Following a 23-12 victory for Ireland over New Zealand in their July international, here’s our five takeaways from the match in Dunedin on Saturday.
Ireland maintain intensity and accuracy in historic win
After the frustration of last weekend, where an excellent start gave way to a mistake-ridden final 60 minutes, this was so much better from the tourists. Yes, they were still profligate and didn’t score the points their dominance deserved but Andy Farrell’s men managed to keep their foot on the throat in the second Test. They kept up with the pace the All Blacks inevitably put on the ball, controlled the gain line, won the aerial battle and had the hosts under immense pressure throughout. Despite the close-ish nature of the scoreline, this was ultimately a hammering.
All Blacks pay the price for lax Super Rugby officiating
Quite frankly, the southern hemisphere don’t want to properly deal with foul play and, as a result, it proved costly for New Zealand in Dunedin. From Leicester Fainga’anuku’s reckless challenge (more on that below) to Angus Ta’avao’s technically poor tackle on Garry Ringrose, their discipline was extremely poor. Those in New Zealand have been the most outspoken against the clampdown in dangerous challenges, desperately wanting the 20-minute red card to effectively excuse the illegal actions of players, and that attitude cost them on Saturday. Thankfully for the All Blacks it wasn’t a World Cup knockout game and they have a chance to change down their attitudes ahead of next year’s competition.
All Blacks fortunate despite card punishment
While they received three cards, it could have been much, much worse for the hosts. On another day, Fainga’anuku would have seen red for his challenge on Mack Hansen and Ireland would have been awarded a penalty try after Ofa Tuungafasi was yellow carded for tugging back Ringrose with the line beckoning. Coincidently, Tuungafasi and Ta’avao were off the field at the same time which meant uncontested scrums for a brief period. New Zealand should have therefore been briefly down to 12, akin to Italy in the Six Nations, who only had one player sent off but were reduced to 13 because of the laws. Jaco Peyper evidently didn’t realise it and it benefited the All Blacks who had enough men on the field to pressurise the Ireland backline and force a knock on.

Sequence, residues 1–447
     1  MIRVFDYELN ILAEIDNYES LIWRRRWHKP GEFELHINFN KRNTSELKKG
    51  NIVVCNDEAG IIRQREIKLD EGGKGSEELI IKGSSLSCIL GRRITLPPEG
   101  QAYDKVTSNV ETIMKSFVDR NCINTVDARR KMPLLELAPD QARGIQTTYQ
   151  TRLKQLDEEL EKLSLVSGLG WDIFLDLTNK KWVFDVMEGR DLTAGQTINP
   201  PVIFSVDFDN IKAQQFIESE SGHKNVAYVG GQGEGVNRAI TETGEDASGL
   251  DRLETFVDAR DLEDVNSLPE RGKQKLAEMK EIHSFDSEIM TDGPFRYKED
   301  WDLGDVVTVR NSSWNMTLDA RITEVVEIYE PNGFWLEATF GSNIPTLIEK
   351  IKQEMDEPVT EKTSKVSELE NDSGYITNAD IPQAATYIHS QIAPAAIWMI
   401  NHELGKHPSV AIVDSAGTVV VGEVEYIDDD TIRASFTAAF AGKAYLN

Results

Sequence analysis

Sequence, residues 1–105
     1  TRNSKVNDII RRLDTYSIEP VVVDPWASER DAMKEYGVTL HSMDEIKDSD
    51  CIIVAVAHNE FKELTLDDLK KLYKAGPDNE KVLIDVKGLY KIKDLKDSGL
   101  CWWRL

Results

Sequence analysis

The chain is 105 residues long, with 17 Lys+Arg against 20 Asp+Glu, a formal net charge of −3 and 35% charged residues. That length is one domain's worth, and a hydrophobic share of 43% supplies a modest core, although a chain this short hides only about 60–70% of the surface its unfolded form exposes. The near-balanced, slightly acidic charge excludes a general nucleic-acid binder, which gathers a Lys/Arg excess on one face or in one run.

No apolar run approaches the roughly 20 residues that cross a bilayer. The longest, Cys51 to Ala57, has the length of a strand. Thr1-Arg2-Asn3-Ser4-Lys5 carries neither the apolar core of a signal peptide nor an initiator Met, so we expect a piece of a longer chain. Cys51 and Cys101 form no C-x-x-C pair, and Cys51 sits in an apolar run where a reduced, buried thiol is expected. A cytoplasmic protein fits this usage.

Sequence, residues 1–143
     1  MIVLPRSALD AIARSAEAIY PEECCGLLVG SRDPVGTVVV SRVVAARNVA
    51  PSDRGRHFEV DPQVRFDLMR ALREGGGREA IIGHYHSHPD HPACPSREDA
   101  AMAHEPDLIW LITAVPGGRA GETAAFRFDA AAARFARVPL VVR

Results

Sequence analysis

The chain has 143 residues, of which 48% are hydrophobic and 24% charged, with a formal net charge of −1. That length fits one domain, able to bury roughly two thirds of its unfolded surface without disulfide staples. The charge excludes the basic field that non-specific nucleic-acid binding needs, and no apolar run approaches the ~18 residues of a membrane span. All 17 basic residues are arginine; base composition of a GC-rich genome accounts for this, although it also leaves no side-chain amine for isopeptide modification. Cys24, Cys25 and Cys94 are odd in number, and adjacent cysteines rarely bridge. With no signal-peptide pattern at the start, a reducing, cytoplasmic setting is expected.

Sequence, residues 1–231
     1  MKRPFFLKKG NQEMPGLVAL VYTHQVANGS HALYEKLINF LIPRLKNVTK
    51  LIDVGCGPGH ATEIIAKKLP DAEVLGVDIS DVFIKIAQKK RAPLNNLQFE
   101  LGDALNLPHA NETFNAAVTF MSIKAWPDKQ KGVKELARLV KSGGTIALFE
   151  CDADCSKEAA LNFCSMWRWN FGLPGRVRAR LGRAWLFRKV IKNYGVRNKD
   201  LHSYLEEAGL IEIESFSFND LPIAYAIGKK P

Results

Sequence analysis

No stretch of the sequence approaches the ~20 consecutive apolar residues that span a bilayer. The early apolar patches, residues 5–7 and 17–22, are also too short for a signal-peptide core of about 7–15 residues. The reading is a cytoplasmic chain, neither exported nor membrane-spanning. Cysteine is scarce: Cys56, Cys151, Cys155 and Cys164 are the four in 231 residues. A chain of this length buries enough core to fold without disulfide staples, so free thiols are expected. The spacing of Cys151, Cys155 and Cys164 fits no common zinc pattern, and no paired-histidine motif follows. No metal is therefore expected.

Heroic Irish defence
Ireland delivered a superb all-round performance and richly deserved their win as they held the upper hand in most facets of play but something which should delight Farrell and the rest of his coaching staff is the huge defensive effort from his troops – especially during the latter stages of this Test. Yes, the All Blacks scored a consolation try in the 77th minute when Will Jordan went over out wide but prior to that Samisoni Taukei’aho, Pita Gus Sowakula and Aidan Ross all had cracks at Ireland’s line before Folau Fakatava and Brodie Retallick were denied by heroic defence from the visitors. That is testament to excellent fitness levels from the visitors and illustrates that they were matching the All Blacks physically – something which few teams have managed over the years.
Brainless and one-dimensional All Blacks
Ireland controlled possession and territory well and delivered a structured performance whereas their opponents were the complete opposite of that. There was plenty of desperation from the All Blacks when calm heads were needed under the inevitable pressure which came with them being reduced to 14 men after Ta’avao received his marching orders. What followed was a very disjointed performance from Ian Foster’s troops as they opted to run the ball from all areas of the field – especially in the first half – with the hope of clinching the result. Throwing the ball wide with the hope of beating Irish was never going to work and as a result the visitors completely dominated.